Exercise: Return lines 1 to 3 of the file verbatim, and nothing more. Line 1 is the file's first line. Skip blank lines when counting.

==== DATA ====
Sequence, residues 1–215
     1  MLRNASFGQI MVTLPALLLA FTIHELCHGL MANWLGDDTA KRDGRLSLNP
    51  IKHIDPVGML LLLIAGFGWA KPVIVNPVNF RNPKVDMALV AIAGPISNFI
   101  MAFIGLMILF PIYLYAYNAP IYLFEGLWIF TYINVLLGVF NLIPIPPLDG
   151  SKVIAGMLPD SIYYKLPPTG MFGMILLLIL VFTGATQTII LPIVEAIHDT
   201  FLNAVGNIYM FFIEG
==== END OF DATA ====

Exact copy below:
Sequence, residues 1–215
     1  MLRNASFGQI MVTLPALLLA FTIHELCHGL MANWLGDDTA KRDGRLSLNP
    51  IKHIDPVGML LLLIAGFGWA KPVIVNPVNF RNPKVDMALV AIAGPISNFI